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Let's say I have a list of the following numbers:


How would I align them in a column such that they are left-justified in the cell but the decimal points align?

For example,

|   0.02    |
|  -0.25    |
|  -4.13    |
|   5.24    |
| -11.36    |
|  40.61    |
|-141.20    |

I was tempted to use the "Accounting" category, but this transformed my negative values by adding parentheses.

I'm using Excel for Mac 2011.

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6 Answers 6

After you left-justify the cell, try this number format:


To apply it, right-click on the cell, select "Format Cells", go to "Number" tab, go to "Custom" format option, and paste the format string into the "Type:" field.

How it works:

  • left most _- inserts whitespace equal to width of a "-" character;
  • ? takes up space equal to that of a number if the number is not present;
  • semicolon divides the format for the positive number (first part) from the format for the negative number (second part).

More in Excel number formats: Number format codes.

Note that this format will work only for numbers with up to 4 digits to the left of the decimal point. If you'll have larger numbers, you'll need to add more question marks.

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That's awesome! Now there's this weird space between the number and the negative sign, though. Any advice for fixing that? –  Atticus29 Mar 14 '13 at 19:28
I guess, alternatively, is there a symbol like "?" that can include characters as well as digits (so that we can make excel treat the negative sign as part of the number)? –  Atticus29 Mar 14 '13 at 19:49
@Atticus29 hmm, I'll have to take a look. To be honest, it's not something I've done before, I just happened to know how to find the Excel number formatting guide. –  ikh Mar 14 '13 at 20:33
Any help would be greatly appreciated. Thanks for bringing the guide to my attention. I've been toying around with it a little and stil can't quite get what I want. –  Atticus29 Mar 14 '13 at 20:42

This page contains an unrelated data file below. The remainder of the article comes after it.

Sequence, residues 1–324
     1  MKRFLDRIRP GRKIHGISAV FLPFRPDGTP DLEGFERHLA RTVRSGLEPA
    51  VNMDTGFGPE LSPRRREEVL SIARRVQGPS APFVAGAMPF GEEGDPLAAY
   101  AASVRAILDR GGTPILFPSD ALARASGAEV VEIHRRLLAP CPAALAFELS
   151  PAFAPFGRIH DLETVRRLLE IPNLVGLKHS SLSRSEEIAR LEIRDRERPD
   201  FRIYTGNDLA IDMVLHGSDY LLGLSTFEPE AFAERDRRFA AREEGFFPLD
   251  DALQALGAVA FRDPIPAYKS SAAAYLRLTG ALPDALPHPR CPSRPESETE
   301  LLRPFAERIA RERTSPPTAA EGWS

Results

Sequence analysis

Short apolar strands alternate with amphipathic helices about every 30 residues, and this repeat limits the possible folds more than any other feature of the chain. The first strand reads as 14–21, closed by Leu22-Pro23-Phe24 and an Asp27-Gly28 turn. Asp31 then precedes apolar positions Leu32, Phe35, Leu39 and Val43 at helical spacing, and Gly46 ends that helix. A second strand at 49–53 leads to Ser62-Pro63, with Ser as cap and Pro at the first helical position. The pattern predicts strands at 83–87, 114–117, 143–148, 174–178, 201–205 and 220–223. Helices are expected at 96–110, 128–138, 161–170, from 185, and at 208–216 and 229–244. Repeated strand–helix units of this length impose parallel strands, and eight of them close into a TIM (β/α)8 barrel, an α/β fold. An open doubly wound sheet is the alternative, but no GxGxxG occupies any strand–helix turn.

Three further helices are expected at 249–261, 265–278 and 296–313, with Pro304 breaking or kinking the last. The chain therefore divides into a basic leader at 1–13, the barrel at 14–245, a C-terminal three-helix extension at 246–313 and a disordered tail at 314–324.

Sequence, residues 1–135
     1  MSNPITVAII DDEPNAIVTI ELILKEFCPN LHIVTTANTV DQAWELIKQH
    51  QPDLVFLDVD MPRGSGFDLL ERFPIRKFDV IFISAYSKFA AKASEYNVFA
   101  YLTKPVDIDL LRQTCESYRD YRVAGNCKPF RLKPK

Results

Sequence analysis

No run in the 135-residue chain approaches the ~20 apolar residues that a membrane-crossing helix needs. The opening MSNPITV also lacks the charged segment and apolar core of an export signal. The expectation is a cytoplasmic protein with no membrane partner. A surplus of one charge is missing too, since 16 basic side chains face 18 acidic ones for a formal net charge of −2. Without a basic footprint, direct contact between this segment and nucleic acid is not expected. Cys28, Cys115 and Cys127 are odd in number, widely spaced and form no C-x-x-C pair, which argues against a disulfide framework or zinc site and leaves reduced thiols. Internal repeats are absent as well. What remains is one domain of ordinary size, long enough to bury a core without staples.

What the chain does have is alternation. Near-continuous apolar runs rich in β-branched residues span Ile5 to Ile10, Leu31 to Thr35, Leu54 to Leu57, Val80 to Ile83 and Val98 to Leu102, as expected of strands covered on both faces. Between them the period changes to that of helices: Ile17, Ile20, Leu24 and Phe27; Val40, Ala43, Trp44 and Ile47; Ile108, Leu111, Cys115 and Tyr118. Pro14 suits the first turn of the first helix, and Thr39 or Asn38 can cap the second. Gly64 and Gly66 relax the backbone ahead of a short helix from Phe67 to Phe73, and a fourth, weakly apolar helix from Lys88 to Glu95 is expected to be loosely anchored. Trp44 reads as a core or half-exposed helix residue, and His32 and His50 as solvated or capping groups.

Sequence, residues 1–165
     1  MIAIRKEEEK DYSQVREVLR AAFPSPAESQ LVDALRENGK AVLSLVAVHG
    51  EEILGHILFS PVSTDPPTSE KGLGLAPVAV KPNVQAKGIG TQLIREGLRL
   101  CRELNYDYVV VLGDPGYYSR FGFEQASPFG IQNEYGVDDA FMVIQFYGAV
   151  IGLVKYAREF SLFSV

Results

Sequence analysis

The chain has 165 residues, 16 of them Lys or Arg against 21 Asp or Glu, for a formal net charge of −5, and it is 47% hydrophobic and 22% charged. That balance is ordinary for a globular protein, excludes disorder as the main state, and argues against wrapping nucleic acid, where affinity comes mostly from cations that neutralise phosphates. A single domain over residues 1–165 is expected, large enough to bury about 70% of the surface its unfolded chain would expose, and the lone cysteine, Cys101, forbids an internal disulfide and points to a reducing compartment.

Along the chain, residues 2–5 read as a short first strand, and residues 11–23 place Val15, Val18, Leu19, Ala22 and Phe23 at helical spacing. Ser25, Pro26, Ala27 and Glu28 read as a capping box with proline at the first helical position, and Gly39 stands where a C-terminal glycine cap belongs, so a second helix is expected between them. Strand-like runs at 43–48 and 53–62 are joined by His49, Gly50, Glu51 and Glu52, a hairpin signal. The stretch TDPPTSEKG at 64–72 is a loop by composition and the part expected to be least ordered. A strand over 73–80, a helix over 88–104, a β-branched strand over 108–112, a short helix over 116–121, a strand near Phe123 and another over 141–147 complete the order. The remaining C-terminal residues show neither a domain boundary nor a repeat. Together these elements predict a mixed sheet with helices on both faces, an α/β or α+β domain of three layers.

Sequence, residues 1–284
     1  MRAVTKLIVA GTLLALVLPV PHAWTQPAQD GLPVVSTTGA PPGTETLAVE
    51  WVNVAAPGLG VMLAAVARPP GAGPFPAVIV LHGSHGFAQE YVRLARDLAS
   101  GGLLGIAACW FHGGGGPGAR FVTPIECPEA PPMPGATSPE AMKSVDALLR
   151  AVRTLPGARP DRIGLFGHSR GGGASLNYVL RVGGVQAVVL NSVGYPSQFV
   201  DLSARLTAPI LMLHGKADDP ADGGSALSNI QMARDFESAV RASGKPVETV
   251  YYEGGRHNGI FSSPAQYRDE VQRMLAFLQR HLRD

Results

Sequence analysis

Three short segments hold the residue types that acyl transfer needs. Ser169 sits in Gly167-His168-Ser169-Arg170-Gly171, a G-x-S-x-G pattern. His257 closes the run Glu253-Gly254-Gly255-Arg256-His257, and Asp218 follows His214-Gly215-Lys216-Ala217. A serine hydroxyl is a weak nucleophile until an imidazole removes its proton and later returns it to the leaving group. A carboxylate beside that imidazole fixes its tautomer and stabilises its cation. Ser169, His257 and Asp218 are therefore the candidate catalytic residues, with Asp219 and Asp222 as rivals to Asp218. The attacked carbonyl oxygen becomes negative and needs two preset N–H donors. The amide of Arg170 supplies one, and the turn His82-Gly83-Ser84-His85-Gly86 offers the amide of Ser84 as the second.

I suggest:

Right click on cells and select Format Cells

On the Number tab:

Under Category select "Custom"

Under Type enter 0.0?;-0.0?

Select Alignment tab:

Set Horizontal to "Right (Indent)"

Set Indent to 1   (you can adjust later as desired)

Click OK to leave format tabs box.

This will make text look as follows






Notice that the minus sign is always next to the first digit and that the 2nd decimal blank if it is zero, and that the word Test is right aligned with the 2nd decimal.

I hope this helps.

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If I understand correctly, you should just be able to Right Align the column (to line up the decimal) and then Increase Indent until your largest possible number is "aligned" along the left side. This way you won't have to worry about special formatting.

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CEN7272, this is the conclusion I arrived at, too. It requires a bit of manual work with whitespace, though. I was hoping there was a more automatic way? –  Atticus29 Mar 25 '13 at 17:05

I wasn't sure if I should have just commented on my other answer but I figured since this is a new train of thought I'd add a new one....

What about Conditional Formatting? It will require a bit of initial setup but it will provide you the opportunity to have a seperate Number Format for 2 digit numbers, 3 digit numbers, etc as well as their negative counterparts. This way you'd be avoiding the blank spaces between the negagive sign and the number. Plus then you could just copy the formatting for use wherever you need it.

Here's a Conditional Formatting rule that would check if the value in the current cell is between 0 and 9 [1 digit num]:


Note that with conditional formatting, =AND() doesn't work as nicely as one would think so multiplying the 2 boolean values provies you the equivelent expression (Thanks to this post for that tip)

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Hmmm. I like this. Let me play with it. –  Atticus29 Mar 25 '13 at 19:20

Here's the understanding proccess, but at the end there's a single formula, you can jump to it if you like.

First you make a column containing the position of the separator (that's the point symbol ".")

Supposing your numbers are in the A column:

B1 = find("."; A1)
B2 = find("."; A2)

At the end of this column, let's say B20, you put the maximum value of the point position:

B20 = max(B1:B19)

Now, let's calculate how much spaces you need for each number. That's the difference between max point position and current point position:

C1 = $B$20 - B1
C2 = $B$20 - B2

And finally, add that spaces. Here's an important thing: use a equally spaced font, like "Lucida Console".

D1 = rept(" "; C1) & A1
D2 = rept(" "; C2) & A2

Of course you can try to get it all together in a single formula, but I tried to let it well explained. You could, for example, take a fixed max point position, say 10, and do:

= rept(" "; 10 - find("."; A1)) & A1
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Use a "Tab" there is a special one under Alignment there is one called Decimal. This will align the decimal according to the position of the tab.

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